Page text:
Plum cakes are just so special. Christmas all around the world is always so festive and beautiful. I love the old city charms, snow and the gorgeous decorations everywhere. Though, things were pretty festive while I was growing up but in a little different way. I went to catholic convent school and Christmas was always celebrated in an awesome way. The teachers, nuns and students would always put up a grand show on the last day before the Christmas break. One of the teachers would dress up as Santa Claus and distribute gifts to everyone.
What also made me look forward to Christmas in India was Plum cake. For some reason, Plum cake was always made only during the Christmas season. A local and very popular bakery in my hometown made delicious Plum cake and my father made sure he gets ample supply for the family because we all loved it and it was only available for a short period of time. Not just that, I would always look forward to visiting my Christian friends on Christmas and would love their awesome cake preparations on Christmas. Being a Muslim, we couldn’t eat Plum cake everywhere, since most people soak their dry fruits in Rum for a month or more and we could never try those. Thank God! the bakery was owned by a Muslim family.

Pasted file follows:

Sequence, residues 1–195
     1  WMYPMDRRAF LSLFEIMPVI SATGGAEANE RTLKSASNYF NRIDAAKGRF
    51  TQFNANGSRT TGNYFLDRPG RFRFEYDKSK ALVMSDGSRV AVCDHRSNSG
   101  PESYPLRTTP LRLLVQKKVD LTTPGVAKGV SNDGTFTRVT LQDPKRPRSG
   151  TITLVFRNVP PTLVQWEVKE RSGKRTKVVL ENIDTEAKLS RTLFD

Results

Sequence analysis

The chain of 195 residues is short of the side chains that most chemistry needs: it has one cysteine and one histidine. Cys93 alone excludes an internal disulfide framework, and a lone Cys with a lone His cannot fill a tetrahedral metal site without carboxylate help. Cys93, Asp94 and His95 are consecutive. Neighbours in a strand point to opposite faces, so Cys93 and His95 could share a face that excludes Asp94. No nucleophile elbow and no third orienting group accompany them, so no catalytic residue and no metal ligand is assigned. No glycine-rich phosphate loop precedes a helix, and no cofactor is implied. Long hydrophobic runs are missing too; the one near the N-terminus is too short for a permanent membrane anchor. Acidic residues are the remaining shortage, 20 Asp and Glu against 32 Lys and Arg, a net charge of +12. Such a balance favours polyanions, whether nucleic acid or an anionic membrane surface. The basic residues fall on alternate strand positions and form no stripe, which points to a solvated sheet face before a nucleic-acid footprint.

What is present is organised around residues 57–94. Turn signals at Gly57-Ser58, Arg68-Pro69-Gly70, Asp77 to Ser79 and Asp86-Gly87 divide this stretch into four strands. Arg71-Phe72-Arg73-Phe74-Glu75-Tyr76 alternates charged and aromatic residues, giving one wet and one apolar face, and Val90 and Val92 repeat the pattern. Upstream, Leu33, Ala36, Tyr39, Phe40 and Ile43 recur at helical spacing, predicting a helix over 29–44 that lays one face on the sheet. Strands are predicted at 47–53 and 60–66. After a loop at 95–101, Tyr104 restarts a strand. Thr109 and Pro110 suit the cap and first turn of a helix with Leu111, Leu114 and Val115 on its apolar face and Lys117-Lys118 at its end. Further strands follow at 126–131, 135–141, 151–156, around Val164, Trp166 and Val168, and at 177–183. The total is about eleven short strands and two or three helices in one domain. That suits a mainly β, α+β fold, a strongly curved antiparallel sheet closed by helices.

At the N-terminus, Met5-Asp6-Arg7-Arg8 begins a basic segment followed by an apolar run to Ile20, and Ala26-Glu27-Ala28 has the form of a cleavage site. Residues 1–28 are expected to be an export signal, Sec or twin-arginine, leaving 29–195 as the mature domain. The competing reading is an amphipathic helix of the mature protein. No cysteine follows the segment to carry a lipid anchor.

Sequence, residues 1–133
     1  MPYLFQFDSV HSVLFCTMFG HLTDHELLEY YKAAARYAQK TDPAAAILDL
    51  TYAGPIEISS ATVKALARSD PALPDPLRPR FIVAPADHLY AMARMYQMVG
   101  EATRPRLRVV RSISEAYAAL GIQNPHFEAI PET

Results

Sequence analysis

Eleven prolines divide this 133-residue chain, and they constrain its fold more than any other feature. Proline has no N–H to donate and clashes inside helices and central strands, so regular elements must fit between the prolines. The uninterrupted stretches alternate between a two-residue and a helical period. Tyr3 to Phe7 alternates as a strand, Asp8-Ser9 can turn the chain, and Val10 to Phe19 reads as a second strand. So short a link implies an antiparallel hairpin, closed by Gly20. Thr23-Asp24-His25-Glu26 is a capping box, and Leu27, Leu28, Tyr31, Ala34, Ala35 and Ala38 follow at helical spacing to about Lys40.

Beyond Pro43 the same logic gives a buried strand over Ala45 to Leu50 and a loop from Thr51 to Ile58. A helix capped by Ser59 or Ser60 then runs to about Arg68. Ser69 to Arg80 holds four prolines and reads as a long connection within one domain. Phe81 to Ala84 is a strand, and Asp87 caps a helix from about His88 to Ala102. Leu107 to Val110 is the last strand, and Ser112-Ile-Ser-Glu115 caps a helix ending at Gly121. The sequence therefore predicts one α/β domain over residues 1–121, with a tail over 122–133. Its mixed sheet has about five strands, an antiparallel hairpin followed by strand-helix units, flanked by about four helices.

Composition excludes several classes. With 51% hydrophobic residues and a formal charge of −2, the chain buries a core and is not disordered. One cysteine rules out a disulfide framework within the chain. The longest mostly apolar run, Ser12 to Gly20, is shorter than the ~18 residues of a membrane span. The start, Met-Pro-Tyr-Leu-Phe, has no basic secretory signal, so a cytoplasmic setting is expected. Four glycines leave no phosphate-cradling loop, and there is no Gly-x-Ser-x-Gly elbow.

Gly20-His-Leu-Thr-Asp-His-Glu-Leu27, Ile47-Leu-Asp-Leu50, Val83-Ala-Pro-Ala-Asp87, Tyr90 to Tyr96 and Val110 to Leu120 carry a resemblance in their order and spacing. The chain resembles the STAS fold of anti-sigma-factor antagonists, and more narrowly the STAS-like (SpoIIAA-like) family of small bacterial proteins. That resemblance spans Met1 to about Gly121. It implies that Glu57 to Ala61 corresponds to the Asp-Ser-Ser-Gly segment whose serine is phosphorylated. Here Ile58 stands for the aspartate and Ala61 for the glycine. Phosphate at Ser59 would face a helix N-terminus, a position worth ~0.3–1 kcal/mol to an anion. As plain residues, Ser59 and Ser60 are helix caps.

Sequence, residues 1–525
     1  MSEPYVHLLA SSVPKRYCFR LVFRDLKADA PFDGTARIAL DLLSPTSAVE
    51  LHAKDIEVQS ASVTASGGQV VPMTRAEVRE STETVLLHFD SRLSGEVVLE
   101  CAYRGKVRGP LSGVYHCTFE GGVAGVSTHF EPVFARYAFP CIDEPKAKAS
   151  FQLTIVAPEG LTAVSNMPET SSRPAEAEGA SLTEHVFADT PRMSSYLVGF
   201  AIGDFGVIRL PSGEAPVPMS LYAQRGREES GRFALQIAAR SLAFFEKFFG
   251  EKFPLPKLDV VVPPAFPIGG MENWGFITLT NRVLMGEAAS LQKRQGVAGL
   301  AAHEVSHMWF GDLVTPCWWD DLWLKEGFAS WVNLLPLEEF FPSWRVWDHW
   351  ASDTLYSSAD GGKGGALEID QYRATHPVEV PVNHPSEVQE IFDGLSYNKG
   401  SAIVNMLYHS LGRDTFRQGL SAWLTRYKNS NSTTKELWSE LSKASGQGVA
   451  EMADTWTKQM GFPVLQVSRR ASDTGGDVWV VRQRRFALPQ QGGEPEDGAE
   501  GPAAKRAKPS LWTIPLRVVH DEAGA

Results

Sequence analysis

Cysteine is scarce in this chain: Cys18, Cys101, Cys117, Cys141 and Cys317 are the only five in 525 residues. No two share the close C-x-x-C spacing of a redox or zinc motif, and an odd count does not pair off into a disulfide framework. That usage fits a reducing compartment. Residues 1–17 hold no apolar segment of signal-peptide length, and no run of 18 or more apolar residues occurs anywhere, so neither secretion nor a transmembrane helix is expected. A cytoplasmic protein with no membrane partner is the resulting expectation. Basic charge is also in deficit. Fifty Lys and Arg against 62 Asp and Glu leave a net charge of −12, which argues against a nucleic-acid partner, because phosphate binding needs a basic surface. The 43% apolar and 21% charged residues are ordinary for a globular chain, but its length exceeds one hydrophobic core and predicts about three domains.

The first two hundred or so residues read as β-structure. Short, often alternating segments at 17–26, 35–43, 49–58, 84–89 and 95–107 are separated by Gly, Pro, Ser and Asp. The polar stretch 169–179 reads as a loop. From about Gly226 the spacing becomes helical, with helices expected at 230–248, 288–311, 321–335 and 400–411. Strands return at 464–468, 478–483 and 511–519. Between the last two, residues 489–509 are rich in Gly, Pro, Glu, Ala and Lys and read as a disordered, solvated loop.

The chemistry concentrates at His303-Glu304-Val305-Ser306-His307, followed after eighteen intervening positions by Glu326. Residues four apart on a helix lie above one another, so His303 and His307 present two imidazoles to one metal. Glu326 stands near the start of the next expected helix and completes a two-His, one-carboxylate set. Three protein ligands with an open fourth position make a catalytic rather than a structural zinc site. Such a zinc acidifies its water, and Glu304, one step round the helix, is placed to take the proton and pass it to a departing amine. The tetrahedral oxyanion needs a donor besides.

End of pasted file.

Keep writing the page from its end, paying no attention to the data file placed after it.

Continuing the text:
I could never figure out what exactly they soak their dry fruits in and how exactly they make it so delicious, yet not adding any alcohol and making it exactly the same way as its traditionally made was simply amazing. But, of course, no baker would ever share the recipe, Right? and so, we would just enjoy the yummy Plum cake while the season lasted. After getting married, I discovered that Bangalore’s Iyengar bakeries have a non stop flow of Plum cakes all year round and since, we were travelling to India only during summer. Not just that, we also searched almost all bakeries in Indian areas in New Jersey only to find out that Plum cakes are not in demand so they don’t make it.
Most recipes you search will always ask you to soak the dry fruits in Rum or some other kind of alcoholic beverage and there is no alternative to it. Finally, I got this recipe from a friend’s aunt who happens to bake a traditional Plum cake for the family every Christmas and does not use alcohol. Initially I wasn’t so sure how the cake would turn out, because a few things in the recipe are not hard but slightly tricky but, once you get the hang of it, its a walk in the park. Just make sure you red and follow all the directions mentioned. I promise the cake will make you relive those beautiful childhood memories.